Nagpur, Feb 18 (UNI) Lok Sabha Speaker Somnath Chatterjee today described the large number of suicides by 'distressed' farmers as a 'national shame' and said efforts to resolve the problem should not be politicised.
Speaking during an interaction with a select group of intellectuals, including journalists here, Mr Chatterjee said farmers' suicides should be treated as a national issue. However, the debate on the issue had always been very partisan, he said.
''I have been saying this and also said it at the conference of party whips in Mumbai recently, that the debate should be with an attitude of cooperation and not of confrontation,'' he said.
Mr Chatterjee said he was keen that the authority to disqualify members of an elected House should be taken away from the presiding officers and given to the Election Commission (EC). At present, the presiding officers function as tribunals as far as disqualification of members are concerned, and this makes their decisions open to scrutiny by the courts, the Speaker said adding this put the office of the presiding officer in a very odd position.
Asserting that the media could play a vital role in preserving parliamentary democracy in the country, Mr Chatterjee said that unfortunately, newspapers nowadays dedicated very little space to the proceedings of Parliament.
''Page three has become the most important! It carries photographs and material that is not news, which all seem to be from another world. I don't know who benefits from it,'' he said.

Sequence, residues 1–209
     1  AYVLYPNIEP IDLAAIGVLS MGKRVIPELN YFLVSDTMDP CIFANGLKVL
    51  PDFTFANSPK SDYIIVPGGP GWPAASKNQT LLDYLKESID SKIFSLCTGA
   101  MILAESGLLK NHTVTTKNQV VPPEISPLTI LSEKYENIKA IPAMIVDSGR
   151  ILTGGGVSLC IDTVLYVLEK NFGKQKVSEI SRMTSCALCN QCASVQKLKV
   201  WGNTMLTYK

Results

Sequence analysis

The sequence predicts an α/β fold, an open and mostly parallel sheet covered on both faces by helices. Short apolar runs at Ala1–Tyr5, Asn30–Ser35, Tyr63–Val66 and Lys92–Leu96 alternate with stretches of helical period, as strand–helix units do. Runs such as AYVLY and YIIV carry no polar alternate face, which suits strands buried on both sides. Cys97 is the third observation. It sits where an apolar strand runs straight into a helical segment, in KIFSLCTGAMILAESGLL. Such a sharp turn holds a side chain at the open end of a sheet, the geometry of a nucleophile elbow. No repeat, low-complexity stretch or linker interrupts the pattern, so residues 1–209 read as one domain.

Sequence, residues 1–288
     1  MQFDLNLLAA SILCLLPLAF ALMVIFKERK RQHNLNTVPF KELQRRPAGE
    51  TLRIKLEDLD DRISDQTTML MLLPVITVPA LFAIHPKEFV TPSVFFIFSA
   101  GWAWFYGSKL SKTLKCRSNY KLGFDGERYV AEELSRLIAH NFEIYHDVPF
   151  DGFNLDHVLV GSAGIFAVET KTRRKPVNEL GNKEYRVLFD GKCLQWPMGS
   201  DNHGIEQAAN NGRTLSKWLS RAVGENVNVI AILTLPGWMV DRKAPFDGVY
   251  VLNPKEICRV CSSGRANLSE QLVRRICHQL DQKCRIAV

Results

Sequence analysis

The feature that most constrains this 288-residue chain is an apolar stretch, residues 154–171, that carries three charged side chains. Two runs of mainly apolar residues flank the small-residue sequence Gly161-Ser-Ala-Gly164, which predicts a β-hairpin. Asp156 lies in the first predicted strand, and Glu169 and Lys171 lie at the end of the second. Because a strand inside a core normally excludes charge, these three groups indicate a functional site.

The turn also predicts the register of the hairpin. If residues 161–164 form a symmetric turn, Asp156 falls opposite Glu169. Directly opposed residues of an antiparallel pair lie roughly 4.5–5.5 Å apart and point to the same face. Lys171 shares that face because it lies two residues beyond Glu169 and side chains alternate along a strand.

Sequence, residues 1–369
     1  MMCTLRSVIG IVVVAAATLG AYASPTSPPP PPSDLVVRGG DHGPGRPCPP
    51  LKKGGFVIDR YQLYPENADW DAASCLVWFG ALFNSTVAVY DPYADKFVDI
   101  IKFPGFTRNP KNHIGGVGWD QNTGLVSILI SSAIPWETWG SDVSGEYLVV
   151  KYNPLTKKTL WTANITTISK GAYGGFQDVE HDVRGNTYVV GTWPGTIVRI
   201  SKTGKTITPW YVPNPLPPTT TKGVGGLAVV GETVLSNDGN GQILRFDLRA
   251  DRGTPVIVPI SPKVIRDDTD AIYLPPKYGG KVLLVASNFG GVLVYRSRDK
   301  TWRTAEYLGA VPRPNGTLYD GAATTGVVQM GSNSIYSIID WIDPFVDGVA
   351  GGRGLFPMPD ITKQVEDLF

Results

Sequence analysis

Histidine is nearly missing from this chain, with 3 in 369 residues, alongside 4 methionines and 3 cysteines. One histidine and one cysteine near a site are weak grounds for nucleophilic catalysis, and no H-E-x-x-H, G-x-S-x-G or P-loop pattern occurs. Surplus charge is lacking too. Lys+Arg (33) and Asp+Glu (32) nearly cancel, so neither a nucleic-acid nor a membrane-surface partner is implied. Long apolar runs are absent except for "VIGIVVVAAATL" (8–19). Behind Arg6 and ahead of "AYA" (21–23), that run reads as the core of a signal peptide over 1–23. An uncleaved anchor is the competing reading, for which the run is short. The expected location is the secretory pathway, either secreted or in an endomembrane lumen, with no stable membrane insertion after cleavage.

Stressing the need to give serious and detailed coverage to Parliament, the Speaker quipped: ''The parliamentary model is more important than the human models.'' India had been lucky to have a vibrant democracy; most of her neighbours did not, he said.
Mr Chatterjee said there had been a question mark about the polls held in Pakistan today, he said this without naming any country.
The electronic media came in for criticism from Mr Chatterjee, who said news channels mix news with views. ''Fact should be stated as it is, and should not be mixed with opinion. Even newsreaders have started giving opinion and asking questions,'' he said.
Citing an instance, Mr Chatterjee said that the newsreader of one channel presented a story about a law being passed, and then asked if the law would be implemented. Such things create doubts in the mind of the viewers, he asserted.
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